The Witcher 2 Has ‘Longer Combos’ and ‘Prettier Women’
By Matt Peckham
PCWorldOct 29, 2010 9:47 am PDT
Who knows what The Witcher 2 might spring on us when it ships sometime this winter, promising an even less savory world and deeper gameplay. We certainly weren’t expecting the original, which caught us off guard, highlighting the rest of the industry’s feeble codependency on hackneyed fantasy cliches involving highfalutin elves, avaricious humans, and oafish orcs voiced like a sozzled Robert England.
The Witcher 2’s story designer Jan Bartkowicz and level designer Marek Ziemak recently answered a few questions we posed about the upcoming game’s story, new combat system, and how they think it’ll measure against BioWare’s Dragon Age.
Game On: Is The Witcher series author Andrzej Sapkowski involved in the project? And where does the story occur in Geralt’s [The Witcher] timeline?
CD Projekt Red: The Witcher series storyline has been developed completely within our story-design team. Andrzej Sapkowski is not involved in the process, though his novels are like a bible for us, and we take great effort to keep our game’s story coherent. The story of the first Witcher takes place about five years after the end of the Witcher saga, and the story of the second game starts only a couple of months after the end of the first.
GO: Is the world of Rivia more open-ended than before? And how flexible is the new engine if you want to randomly explore or conjure up dynamic events?
CDPR: The new engine allows us to create a nonlinear story with many parallel paths. There are times when the way you explore the location affects how the story unfolds, and we also have our ‘choices & consequences’ system, which is yet another way to shape your own narrative experience.
All these choices sum up at the end of the game, which allows you to conclude with any of 16 different endings. Within that time, you can actually go to almost any area within each chapter, and thanks to non-scaling enemies, you may very well just get your butt kicked if you wander off without thinking.
GO: Does the combat system retain elements of the original’s timed cue-based button presses, which fans seemed to love?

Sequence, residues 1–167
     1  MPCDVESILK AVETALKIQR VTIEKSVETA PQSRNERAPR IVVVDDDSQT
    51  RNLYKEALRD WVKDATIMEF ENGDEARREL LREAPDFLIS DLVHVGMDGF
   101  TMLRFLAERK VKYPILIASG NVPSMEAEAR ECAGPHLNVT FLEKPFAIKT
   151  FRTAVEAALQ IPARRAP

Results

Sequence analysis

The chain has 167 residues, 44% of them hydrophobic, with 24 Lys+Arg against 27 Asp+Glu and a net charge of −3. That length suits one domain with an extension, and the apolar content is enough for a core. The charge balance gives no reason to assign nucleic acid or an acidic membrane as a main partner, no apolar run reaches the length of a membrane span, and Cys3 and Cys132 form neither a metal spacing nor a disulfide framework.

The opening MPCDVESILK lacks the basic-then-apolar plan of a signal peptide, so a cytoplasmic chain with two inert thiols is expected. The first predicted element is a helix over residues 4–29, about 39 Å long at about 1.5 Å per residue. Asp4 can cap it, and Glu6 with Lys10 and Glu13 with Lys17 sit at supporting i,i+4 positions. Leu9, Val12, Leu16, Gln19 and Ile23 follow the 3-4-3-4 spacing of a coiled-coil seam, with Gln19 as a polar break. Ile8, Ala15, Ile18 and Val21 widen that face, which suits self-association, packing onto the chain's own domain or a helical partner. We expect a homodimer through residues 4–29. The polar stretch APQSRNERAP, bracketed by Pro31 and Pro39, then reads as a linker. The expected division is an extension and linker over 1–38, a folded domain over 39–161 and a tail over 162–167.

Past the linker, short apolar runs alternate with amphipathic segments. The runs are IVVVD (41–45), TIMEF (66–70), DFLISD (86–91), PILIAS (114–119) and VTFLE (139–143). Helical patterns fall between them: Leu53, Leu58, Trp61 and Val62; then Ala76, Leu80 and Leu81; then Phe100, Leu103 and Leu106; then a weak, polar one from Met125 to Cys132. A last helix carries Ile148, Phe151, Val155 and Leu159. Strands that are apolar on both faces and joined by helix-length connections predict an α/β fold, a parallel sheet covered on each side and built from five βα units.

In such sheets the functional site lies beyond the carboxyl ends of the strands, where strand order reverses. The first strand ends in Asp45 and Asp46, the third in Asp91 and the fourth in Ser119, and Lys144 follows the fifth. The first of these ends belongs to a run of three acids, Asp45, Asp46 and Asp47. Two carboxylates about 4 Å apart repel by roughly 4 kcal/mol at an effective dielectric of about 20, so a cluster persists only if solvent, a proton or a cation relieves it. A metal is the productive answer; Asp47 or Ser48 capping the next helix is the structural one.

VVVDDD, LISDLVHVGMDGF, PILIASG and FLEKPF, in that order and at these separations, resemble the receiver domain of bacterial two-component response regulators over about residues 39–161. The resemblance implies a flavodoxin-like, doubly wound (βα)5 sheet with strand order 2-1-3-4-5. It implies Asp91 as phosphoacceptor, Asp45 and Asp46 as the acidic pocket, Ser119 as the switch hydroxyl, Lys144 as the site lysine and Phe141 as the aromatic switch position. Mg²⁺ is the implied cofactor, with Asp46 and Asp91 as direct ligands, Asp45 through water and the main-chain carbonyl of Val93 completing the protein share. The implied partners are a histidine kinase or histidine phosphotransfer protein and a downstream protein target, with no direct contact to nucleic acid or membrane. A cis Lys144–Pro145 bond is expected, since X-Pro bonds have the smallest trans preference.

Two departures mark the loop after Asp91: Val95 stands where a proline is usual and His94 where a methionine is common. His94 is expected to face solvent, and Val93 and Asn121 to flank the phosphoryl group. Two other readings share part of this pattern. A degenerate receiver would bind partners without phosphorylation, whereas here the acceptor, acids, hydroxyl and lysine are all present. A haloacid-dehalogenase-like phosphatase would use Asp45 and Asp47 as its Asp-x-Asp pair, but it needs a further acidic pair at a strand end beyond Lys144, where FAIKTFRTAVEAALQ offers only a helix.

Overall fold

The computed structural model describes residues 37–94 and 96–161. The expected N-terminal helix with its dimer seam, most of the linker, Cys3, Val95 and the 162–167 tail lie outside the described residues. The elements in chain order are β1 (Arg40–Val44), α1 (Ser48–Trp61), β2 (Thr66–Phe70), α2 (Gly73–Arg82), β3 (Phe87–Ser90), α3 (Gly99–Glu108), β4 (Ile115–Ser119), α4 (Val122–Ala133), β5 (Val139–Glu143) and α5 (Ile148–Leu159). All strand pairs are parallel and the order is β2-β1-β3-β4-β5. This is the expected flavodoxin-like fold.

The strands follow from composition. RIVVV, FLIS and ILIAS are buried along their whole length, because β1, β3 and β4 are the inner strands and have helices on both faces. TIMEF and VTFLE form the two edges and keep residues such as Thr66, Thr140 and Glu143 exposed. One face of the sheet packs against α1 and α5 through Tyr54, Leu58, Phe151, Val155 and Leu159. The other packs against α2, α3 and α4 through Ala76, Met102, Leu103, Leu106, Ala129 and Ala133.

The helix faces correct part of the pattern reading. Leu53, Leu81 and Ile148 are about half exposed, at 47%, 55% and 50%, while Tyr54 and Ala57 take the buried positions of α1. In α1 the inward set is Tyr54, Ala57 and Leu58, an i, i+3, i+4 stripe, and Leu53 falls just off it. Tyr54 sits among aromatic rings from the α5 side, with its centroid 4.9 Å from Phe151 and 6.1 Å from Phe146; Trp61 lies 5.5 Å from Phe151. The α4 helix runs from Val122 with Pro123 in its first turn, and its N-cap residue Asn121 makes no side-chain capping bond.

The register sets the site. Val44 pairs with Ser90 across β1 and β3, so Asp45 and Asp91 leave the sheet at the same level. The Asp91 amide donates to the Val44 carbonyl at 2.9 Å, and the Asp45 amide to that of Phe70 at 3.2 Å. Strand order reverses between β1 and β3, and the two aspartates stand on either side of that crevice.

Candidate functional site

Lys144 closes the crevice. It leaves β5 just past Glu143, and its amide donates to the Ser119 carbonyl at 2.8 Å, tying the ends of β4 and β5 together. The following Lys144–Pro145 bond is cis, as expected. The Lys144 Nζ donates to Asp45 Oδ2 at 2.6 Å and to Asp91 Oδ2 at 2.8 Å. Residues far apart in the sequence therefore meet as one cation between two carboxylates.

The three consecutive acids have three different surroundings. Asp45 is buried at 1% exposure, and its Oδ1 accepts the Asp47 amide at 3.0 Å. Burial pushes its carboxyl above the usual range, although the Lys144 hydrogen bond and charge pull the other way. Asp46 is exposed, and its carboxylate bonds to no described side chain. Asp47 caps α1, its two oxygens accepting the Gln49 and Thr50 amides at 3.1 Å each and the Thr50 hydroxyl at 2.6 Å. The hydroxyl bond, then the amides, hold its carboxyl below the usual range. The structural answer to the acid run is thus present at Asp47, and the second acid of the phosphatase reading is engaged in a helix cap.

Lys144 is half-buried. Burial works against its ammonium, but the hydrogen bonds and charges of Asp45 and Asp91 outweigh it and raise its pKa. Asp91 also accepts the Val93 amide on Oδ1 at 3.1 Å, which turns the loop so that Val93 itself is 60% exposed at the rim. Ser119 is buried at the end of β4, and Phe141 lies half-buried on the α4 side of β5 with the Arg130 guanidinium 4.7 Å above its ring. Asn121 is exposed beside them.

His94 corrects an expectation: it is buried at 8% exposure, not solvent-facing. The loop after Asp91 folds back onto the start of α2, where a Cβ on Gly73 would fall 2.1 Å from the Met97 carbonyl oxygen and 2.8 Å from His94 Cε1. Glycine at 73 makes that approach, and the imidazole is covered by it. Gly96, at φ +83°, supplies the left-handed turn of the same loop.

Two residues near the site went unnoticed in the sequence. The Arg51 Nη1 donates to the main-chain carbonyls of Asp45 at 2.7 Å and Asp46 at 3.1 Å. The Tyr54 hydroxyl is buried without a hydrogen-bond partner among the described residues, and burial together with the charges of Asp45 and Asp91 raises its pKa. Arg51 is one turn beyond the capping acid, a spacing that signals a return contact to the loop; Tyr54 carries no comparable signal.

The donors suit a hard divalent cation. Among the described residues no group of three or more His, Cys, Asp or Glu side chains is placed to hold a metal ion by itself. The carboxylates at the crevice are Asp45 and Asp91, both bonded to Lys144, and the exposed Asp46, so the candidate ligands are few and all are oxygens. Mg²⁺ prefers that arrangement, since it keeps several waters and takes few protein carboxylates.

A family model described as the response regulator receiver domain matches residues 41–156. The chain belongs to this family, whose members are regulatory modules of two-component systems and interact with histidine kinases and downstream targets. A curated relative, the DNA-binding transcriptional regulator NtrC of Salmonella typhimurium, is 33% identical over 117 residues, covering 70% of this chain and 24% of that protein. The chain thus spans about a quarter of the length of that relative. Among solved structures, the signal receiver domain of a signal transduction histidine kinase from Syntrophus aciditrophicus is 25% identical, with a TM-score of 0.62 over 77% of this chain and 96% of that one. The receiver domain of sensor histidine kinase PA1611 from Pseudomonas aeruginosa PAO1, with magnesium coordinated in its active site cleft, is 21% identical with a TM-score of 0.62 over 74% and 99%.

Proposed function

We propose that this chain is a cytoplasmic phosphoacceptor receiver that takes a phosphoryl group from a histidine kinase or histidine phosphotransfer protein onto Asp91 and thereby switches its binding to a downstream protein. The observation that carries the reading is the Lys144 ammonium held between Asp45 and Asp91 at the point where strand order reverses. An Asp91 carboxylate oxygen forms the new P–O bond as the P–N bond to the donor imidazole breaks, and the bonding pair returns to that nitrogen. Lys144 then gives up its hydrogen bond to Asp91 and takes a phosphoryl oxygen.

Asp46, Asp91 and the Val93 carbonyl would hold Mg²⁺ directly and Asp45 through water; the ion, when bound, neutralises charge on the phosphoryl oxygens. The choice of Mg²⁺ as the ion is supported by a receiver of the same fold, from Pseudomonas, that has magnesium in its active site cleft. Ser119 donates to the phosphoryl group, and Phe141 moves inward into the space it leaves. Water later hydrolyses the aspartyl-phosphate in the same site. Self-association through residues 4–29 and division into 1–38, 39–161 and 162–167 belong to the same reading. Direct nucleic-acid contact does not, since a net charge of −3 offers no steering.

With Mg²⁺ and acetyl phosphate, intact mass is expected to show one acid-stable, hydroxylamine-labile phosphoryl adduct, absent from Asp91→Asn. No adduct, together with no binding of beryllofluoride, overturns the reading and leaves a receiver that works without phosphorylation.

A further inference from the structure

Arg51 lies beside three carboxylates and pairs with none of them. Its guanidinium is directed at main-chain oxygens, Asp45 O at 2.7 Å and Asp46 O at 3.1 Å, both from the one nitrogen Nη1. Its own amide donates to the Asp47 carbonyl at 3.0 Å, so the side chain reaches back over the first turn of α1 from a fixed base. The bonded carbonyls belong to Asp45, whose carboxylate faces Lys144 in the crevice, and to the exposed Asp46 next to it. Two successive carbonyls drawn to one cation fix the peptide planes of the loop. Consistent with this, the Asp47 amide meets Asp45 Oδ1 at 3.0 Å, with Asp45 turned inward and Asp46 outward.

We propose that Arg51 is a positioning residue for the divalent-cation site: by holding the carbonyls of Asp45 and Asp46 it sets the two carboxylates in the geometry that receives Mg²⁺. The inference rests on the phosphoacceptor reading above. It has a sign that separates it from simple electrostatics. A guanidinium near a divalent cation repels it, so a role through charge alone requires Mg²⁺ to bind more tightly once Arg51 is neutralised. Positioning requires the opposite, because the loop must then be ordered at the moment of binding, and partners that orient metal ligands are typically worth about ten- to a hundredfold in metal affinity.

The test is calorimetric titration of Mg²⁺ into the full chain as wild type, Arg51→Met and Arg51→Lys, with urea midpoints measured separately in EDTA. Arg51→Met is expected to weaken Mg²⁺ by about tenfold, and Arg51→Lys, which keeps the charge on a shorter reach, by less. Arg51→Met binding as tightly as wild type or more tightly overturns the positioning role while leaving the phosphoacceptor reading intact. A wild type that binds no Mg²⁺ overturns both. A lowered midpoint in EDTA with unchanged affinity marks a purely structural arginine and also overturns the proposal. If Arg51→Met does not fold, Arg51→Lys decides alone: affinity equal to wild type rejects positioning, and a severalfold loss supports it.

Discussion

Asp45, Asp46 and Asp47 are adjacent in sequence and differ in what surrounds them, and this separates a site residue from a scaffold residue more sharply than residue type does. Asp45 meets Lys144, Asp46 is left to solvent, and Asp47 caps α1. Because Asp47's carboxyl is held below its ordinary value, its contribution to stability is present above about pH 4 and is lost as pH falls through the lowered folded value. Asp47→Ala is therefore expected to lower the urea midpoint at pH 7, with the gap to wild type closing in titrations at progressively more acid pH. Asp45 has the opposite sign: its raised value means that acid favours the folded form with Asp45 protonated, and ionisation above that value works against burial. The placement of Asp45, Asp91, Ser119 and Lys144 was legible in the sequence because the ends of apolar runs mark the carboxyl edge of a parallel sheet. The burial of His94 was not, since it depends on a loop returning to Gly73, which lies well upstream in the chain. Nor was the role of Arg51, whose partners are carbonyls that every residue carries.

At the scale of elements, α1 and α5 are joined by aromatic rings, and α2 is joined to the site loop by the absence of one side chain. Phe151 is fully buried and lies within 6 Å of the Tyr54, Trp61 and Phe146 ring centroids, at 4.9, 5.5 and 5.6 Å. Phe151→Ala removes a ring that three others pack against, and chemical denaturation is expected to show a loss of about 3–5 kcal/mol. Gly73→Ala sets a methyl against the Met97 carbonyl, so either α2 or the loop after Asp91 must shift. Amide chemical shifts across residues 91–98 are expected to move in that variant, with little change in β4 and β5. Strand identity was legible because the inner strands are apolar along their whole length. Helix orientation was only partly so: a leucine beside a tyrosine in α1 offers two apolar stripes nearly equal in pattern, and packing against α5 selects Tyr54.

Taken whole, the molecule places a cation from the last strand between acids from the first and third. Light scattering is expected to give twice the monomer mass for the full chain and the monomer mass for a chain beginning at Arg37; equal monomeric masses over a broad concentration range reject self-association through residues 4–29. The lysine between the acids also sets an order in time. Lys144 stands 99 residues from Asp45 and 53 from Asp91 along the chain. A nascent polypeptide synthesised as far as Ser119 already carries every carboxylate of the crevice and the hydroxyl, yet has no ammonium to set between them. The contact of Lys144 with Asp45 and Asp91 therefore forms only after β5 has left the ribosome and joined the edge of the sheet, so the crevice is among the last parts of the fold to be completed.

CDPR: The combat system was one of the features we redesigned, and basically created from scratch. Our goal was to create a more spectacular combat experience, which is based on high responsiveness, instant attacks, dodges and parries. We want to let the players control the pace of the fight, and respond to what’s happening on the screen. Although the new system is more complex, you can easily learn its basic functions, and have a lot of fun, even if you’re not a hardcore action gamer.
GO: The first game had plenty of sex, nudity, and brutal violence. Even Dragon Age looks tame by comparison. Does The Witcher 2 continue to challenge conventional fantasy tropes?
CDPR: The Witcher 2 is first and foremost an epic adventure. It takes place in a world that’s unlike any other fantasy setting. [The Witcher series author] Sapkowski developed a very shady universe. Our game is true to this idea, and that’s why we proudly call it a mature experience.
In The Witcher 2, we plunge our protagonist into a conflict greater than anything you experienced in the first installment. The Witcher is a guy whose job is to hunt monsters and lift curses, but in times of war his skill with sword and magic can change the tide of a political conflict. This is the reason high-placed, influential mortals seek his aid.
GO: Let’s acknowledge the elephant in the room. If you had to contrast The Witcher 2 with Dragon Age, what does your game do better?
CDPR: We have longer combos, prettier women, and more experience points! But seriously, we aren’t really concerned with comparing ourselves to Dragon Age or other roleplaying games. We know what kind of game we want to deliver and that’s the only thing important for us. We’re delivering a mature game in an atypical fantasy universe, with a highly intuitive and exciting combat system, tremendous nonlinearity, and choices that really matter in gameplay.